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Bethesda residents criticize Pepco over numerous power outages

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By Rick Rojas
Washington Post Staff Writer
Monday, August 9, 2010

The Promenade in Bethesda bills itself as easy living in one of the toniest parts of town. Two 18-story towers feature a health club and a concierge. Residents can get a medical checkup or their teeth cleaned without leaving the building.

The only thing the Promenade can't seem to provide with any consistency is lights.

The building falls in a swath of the region that loses power when it snows. Or when it rains. Or sometimes when the weather does absolutely nothing.

Since March, the Promenade has had 12 outages. Pepco, which services the building, says the Bethesda area where the building is located and portions of Northwest Washington fall into an area where there is "load creep," which means new development and new customers nearby are placing a strain on the power company's infrastructure.

But that is little consolation to the residents of the Promenade, where a quarter of the occupants are senior citizens, during a summer that has brought "hotter than Hades" record temperatures, said community manager Carl Hyde.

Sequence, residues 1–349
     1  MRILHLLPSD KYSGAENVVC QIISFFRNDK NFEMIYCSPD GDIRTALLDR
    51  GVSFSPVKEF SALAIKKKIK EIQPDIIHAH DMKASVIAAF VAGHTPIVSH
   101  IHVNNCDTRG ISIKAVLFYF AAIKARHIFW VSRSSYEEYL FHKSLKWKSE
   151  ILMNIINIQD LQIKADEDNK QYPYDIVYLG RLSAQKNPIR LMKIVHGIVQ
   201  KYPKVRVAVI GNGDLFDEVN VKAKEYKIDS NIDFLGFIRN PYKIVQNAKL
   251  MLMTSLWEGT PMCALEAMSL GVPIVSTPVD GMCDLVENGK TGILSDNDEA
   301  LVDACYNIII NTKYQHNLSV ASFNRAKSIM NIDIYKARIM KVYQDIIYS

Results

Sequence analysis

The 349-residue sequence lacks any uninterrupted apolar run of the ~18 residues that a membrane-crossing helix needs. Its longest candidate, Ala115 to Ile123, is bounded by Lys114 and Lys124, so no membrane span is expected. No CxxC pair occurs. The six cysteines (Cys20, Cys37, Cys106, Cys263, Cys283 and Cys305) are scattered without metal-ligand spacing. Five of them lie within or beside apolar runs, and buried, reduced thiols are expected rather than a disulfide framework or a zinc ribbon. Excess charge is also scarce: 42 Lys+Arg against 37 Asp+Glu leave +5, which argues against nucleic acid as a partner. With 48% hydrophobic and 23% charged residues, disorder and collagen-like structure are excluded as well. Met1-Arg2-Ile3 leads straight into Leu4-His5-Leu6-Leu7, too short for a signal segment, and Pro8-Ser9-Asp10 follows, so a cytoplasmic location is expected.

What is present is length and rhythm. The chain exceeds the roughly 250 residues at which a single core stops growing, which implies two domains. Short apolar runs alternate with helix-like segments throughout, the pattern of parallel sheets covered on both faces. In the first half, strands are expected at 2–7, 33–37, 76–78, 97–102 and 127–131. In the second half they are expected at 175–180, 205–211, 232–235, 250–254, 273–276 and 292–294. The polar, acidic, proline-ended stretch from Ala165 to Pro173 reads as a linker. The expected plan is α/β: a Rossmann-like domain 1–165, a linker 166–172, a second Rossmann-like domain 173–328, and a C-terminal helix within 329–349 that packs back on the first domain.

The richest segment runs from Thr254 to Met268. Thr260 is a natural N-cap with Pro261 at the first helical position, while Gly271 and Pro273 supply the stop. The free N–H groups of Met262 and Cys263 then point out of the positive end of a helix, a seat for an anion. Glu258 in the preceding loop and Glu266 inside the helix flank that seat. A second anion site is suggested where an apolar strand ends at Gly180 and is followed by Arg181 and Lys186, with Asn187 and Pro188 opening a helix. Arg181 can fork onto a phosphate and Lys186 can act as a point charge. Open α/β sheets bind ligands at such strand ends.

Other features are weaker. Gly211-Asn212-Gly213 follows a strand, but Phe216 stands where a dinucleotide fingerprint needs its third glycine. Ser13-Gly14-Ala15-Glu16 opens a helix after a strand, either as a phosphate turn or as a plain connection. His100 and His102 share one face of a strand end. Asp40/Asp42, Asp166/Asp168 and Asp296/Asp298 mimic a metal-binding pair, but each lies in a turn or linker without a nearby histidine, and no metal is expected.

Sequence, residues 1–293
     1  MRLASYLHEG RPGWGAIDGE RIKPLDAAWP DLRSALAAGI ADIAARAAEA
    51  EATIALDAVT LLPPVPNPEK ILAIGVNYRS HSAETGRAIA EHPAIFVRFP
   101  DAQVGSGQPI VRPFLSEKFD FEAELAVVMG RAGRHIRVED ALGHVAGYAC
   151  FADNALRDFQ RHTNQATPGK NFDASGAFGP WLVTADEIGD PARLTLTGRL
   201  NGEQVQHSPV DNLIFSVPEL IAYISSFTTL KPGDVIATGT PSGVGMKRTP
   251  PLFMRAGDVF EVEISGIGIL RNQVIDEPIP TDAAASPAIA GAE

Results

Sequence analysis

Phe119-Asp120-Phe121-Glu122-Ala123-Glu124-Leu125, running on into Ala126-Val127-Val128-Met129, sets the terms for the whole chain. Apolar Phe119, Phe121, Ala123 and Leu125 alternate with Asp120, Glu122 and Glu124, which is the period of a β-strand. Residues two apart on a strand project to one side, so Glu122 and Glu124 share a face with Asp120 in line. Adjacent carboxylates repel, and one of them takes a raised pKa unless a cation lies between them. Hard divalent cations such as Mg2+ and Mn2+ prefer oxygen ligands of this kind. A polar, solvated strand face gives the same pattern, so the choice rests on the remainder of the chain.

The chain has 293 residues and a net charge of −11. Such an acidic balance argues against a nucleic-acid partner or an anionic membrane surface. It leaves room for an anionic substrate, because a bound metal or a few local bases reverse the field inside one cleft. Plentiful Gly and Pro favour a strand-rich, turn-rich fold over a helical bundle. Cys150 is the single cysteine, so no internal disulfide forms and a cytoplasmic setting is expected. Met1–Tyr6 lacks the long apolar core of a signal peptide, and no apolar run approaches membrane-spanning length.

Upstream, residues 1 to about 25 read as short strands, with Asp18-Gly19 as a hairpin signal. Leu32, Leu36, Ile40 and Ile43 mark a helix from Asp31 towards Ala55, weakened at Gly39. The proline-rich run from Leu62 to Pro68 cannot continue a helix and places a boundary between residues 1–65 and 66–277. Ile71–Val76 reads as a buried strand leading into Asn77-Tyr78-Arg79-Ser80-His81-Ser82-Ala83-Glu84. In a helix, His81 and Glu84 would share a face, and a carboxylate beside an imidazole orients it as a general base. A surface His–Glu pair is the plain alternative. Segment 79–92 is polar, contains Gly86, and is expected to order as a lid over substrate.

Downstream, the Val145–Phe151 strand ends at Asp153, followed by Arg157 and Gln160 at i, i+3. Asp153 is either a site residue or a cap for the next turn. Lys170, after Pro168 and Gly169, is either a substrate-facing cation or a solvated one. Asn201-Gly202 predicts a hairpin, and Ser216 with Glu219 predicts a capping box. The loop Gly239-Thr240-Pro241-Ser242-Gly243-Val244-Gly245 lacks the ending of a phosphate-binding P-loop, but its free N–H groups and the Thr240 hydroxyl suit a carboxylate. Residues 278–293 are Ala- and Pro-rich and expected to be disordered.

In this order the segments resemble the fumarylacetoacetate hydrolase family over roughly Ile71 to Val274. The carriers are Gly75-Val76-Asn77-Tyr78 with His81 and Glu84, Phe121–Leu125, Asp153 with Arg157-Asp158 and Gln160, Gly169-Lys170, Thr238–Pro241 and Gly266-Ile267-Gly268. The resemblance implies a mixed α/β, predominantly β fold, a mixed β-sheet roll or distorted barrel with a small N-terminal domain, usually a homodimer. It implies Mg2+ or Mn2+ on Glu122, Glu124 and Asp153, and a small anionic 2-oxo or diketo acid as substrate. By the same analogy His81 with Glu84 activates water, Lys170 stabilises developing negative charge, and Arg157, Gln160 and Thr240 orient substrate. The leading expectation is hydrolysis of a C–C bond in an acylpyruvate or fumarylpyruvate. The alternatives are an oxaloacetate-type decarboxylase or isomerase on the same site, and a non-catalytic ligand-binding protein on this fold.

Even before the thunderstorms hit Thursday, Helma Goldmark, a longtime resident and secretary of the cooperative's board, reported a brownout that lasted several hours. The lights were dim and the air conditioners out.

Michael Maxwell, Pepco's vice president for asset management, said increases in the load on the power grid by construction and new development had led the utility to evaluate what additional stress has been placed on its infrastructure.

That incremental creep has local residents and officials pushing for Pepco to move swiftly in reinforcing and replacing what they see as a lagging system. By the time the July 26 storm hit, customers in the area had little sympathy for Pepco.

Montgomery County Council member Roger Berliner (D-Potomac-Bethesda) said that storm was "the accumulation of these frustrations." His constituents have been calling him, complaining of frequent phantom outages that occur seemingly without reason. Berliner said he has seen it at his home in Potomac, where it seems he loses power "when a cloud goes by."

"We're experiencing way too many outages, even on beautiful days," he said. "Setting aside acts of God, reliability is not meeting customer expectations -- and, quite frankly, my own."

Berliner sent a letter to the state regulator overseeing Pepco, the Maryland Public Service Commission (PSC), asking the agency to investigate Pepco's infrastructure in the region. Goldmark said she wrote a letter to the commission before the July storm complaining that the outages have been deleterious to the building's older residents, as well as the doctors and other professionals who have had to close shop during outages.

"The frequency of the outages is frustrating, lessens the quality of life for our residents, and is detrimental to the health and well-being of occupants," Goldmark wrote. "Our residents are entitled to be advised why these outages are so frequent and what steps can be taken to limit them."


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